The Pastoral Dream

At the start of a new year, it’s customary to look back and reminisce, or to look forward with velleity. And so naturally I’ll avoid doing all that because I just couldn’t be bothered with that sort of thing.

But what I have been mulling over for the past few weeks is a question posed by a colleague at a team-demolition supper shortly before Christmas. In discussing our plans for staying in England (still aligned with a three-year sojourn and subsequent return), he asked “So, what do you think you’ll take back with you when you return?” This digressed to a general chat about what has really impressed me about England. And the first thing that came to mind was the beauty of the English countryside. Which, I think, is also the predominant memory I’ll be taking back with me.

If you speak to a South African about England, the general picture is usually centred around the miserable weather, the grey skies, and the city of London. But where we live – in a semi-rural area on the edge of Birmingham, which is in one of the drier areas in the country, that bleak image isn’t quite true. Get in a car, and within five minutes, you can be completely outside the city, in among fields and barns, and surrounded by scenes that at first glance haven’t really changed in over a hundred years. And to me, there isn’t anything to match the red-brick barns, surrounded by rolling green fields, bordered by tidy hedges, dotted with majestic oak trees.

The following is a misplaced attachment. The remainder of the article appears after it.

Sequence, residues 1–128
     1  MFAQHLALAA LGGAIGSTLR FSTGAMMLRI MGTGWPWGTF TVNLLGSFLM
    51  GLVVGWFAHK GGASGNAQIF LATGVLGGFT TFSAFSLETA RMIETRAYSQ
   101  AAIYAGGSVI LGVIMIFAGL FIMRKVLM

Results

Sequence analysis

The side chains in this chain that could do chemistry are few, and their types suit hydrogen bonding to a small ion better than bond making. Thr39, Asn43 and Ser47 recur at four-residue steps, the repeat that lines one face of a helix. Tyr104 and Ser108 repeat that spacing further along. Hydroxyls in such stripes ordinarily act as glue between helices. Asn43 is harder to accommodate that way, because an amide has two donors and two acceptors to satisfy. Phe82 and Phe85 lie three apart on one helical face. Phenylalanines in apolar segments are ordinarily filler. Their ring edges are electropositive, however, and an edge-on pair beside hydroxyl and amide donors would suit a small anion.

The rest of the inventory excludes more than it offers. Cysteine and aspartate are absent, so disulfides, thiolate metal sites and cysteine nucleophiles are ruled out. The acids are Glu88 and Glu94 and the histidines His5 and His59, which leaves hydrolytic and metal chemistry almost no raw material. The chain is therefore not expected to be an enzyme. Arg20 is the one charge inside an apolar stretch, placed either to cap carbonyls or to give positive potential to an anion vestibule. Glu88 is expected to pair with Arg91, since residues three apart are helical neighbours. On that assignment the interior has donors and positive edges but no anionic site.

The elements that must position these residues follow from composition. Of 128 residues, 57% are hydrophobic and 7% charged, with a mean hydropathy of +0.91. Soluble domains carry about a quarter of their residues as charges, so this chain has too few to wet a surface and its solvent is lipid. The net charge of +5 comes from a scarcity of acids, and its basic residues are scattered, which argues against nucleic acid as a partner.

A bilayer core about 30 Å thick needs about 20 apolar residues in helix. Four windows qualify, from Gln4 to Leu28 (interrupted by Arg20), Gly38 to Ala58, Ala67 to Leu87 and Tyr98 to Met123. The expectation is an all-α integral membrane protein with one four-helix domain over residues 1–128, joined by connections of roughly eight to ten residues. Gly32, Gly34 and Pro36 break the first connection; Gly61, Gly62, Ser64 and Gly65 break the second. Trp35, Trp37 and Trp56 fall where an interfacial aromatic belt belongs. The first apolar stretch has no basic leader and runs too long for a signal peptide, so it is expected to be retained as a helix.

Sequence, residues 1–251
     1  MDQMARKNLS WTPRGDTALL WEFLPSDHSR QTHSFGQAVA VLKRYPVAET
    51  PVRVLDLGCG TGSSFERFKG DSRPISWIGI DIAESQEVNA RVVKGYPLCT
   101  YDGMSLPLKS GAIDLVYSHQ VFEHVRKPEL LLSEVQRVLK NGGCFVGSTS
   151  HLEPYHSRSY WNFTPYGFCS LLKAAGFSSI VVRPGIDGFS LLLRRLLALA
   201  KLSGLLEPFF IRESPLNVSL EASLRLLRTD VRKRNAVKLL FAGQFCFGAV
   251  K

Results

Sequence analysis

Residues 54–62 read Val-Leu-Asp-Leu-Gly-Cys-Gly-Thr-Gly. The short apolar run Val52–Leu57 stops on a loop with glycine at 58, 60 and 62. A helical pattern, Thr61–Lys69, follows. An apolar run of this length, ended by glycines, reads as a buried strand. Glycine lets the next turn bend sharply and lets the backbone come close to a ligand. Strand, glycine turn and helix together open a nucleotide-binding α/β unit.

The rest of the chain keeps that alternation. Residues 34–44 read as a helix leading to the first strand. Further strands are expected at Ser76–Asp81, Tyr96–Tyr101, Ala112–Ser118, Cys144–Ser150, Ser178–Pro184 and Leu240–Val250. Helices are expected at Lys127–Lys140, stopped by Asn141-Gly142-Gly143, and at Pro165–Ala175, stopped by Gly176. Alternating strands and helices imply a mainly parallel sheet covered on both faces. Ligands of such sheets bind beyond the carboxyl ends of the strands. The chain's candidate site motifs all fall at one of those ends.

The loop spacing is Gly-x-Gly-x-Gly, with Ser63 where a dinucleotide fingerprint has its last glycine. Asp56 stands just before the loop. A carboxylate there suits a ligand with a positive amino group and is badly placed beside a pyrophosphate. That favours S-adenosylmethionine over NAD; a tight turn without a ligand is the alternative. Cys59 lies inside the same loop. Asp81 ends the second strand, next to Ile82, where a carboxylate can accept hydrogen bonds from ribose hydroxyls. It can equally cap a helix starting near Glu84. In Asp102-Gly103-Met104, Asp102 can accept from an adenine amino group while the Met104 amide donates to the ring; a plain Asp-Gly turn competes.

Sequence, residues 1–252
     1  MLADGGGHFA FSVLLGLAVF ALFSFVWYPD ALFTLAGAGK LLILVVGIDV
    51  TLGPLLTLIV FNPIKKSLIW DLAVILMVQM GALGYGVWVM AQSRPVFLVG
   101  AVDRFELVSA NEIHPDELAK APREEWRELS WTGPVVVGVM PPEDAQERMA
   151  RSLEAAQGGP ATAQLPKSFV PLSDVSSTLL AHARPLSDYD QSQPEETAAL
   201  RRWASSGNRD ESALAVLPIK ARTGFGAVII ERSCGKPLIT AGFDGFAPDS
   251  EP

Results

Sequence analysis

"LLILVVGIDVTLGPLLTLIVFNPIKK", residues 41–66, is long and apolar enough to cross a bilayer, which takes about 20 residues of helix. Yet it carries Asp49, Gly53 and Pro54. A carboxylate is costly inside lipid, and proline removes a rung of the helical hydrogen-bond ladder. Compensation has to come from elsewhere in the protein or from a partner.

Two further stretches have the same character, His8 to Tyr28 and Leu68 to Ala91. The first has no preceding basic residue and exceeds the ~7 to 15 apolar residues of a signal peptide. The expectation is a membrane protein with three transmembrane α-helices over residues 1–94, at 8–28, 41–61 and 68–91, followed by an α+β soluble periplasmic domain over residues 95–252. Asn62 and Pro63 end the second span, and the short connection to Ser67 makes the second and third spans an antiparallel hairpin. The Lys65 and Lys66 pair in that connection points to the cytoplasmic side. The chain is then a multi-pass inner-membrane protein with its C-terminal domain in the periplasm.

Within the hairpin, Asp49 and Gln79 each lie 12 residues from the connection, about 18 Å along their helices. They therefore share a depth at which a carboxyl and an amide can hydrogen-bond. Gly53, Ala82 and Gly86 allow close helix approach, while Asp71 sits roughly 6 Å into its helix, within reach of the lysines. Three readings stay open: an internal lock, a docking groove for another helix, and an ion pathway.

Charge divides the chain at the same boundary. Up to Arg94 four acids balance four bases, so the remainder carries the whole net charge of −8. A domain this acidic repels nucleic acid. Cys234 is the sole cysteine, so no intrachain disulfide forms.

Now don’t get me wrong – this isn’t the awesome splendour of the fjords of Norway. It’s nothing like the barren vistas of the Karoo. The endless forests and lakes of the Swedish highlands or the steppes of Russia aren’t too bad either. And I’m a sucker for tropical forests wherever they are found. But England is different. It’s cultured, cultivated and tame. Little seems out of place – as though the whole landscape is a film set, or a painting. It’s sanitised and pure, and could perhaps be accused of being contrived, or even a little medicinal.

But it oozes history, and timelessness. It feels ancient and constant. Even the changes through the seasons feel like subtle details compared to the wholesale transformation you experience in places with real winters and decent summers. There are times when there is a real sensation of looking out on a landscape which has not changed since the times of Wordsworth. Granted, it takes a bit of practice to ignore power lines and tarmac, but it’s not hard once you get the hang of it.

I go out cycling early in the morning nearly every day, and my new all-time favourite vista is standing next to a hedge, looking south-east across the green fields in the early morning mist. The sun is about to rise, and the pink light is making a silhouette of the bare oak trees on the far side of the field. It still gives me a thrill every time I see it, in spite of the number of times a week I get to experience it.

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1 Response to The Pastoral Dream

  1. Jill McNeil says:

    Oh, what a truly lovely account. Thanks for this, Nick.

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